November 15th, 2011
Meet three-year-old Casper Alice.
That’s what Jason Lee and Ceren Alkac called their baby girl. They never officially released the name, but since they renewed their wedding vows on 11/11/11, Casper’s been allowed to fly free. If those old internet rumors [see last comment] are indeed true, as they turned out to be with Casper, then Alice is indeed the middle name. I love how these initials mirror mom’s, à la Constance Zimmer and daughter Colette Zoe.
While boys’ names on girls may be all the rage, this friendly ghost of a name is still an unexpected choice. It is a bit odd that the dark one of the siblings would be called Casper, and the girl no less, but I find the whole combo somewhat sweet. Not nearly as objectionable as Inspektor-with-a-K. We thought for sure they’d go with something like Umbrella Time Machine. Glad to be wrong.
I imagine their decision not to release the name rested on the fact that poor big brother took such heat in the press, and they also probably knew it would drive us nuts guessing.
My advice for any future mysteries? Google. That’s how I found out Casper’s name three years ago, but my how I wish now that I had posted on that unfounded internet rumor oh so long ago! It’s a slippery slope.
Think they’ll call her Cassie?
Image: Jeffrey Mayer/JTM
March 17th, 2009
The going thing might be to focus on hot Irish names for St. Patrick’s Day, right? Hopefully by now you’ve had your Celtic fill– no Irish monikers here today. Instead let’s do GREEN names. This is for my daughter, who when surrounded by a room full of colorful toys, always opts for the brightest of greens. Whether it’s the only green egg shaker, somebody else’s green stick, or a green cardboard brick, my little Hoolie will find it and hold on tight. So this is for you my lucky charm. Just don’t name my grandchild Pthalo, please?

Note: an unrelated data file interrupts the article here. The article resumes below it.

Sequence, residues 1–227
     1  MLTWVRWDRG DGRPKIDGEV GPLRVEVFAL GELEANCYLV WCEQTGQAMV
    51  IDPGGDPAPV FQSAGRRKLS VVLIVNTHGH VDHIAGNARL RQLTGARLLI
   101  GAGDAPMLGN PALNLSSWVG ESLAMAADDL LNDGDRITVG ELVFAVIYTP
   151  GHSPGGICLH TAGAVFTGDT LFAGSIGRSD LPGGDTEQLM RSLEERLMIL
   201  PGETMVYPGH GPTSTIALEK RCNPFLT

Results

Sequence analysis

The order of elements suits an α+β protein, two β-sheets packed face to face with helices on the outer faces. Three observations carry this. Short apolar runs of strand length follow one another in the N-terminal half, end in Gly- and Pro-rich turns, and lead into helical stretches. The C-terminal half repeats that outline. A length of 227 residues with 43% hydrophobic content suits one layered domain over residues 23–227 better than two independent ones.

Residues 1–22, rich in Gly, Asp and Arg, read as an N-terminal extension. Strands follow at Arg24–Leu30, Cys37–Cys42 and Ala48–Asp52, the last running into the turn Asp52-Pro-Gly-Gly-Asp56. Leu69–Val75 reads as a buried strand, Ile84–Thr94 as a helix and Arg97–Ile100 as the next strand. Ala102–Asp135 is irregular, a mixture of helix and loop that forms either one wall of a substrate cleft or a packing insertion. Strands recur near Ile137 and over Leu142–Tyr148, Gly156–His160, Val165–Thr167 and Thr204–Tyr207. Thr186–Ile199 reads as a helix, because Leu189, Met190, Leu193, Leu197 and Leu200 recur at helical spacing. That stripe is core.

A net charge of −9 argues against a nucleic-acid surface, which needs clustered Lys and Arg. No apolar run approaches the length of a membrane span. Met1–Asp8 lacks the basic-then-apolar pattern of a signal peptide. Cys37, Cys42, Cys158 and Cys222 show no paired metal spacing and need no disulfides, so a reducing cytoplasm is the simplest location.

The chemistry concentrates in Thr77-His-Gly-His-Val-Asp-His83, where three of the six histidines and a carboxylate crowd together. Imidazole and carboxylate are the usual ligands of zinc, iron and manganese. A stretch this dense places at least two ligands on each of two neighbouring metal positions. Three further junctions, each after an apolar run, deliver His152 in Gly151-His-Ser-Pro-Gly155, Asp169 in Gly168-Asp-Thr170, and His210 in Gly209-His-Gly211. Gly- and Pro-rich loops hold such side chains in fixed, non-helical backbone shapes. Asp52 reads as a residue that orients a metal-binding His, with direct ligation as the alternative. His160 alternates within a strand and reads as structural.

Happy St. Paddy’s day everyone!
Apple- They come in reds, greens, golds, and Paltrows
Basil- Are we ready in the States?
Beryl- Green semiprecious stone
Chartreuse- A little bartender trivia for ya: the only color named after a liquor, this drink is made by Benedictine monks, only three of whom know the recipe, and each exactly one third at that.
Chloris- Greek, “green.” No wonder it sounds like chlorine. At the moment associated almost exclusively with Ms. Leachman.
Clover- Three leaf or four, it’s always green! A pretty darling, fashion forward botanical choice.
Emerald- Green stone, perhaps best left as a stage name
Esmeralda- The Spanish form of Emerald, with even more dramatic flair, plus the user-friendly Esme as a nickname
Fern- A lovely cascading green plant
Grass- Maybe too much association with weed to use as a first name
Hunter- Adopted now for girls and boys alike, Hunter will always be an aggressive name for a newborn
Ireland- Just please don’t change the ending to -lyn?
Ivy- Darling choice with the hot letters “I” and “V” packing a punch in the shortest of names.
Jade- Another one I’m not particularly wishing on a grandchild, but Jade IS known in China to bring good fortune
Kelly- A bit outmoded perhaps, this is one that could stand to be taken back by the boys
Leaf, Leif- So the first is the green thing, the second just sounds like one. Leif is Old Norse for “descendant.”
Primavera- Italian for spring
Pthalo- A vivid synthetic blue-green, this could follow on the coattails of Philo and Phoenix?
Rosemary- It’s easy to forget this compound name is also a favorite in the kitchen
Sage- A wise choice
Shamrock- Perhaps over the top on the birth certificate, but with tastes getting wilder every day, why not?
Sorrel- A lovely cooking herb and sinuous name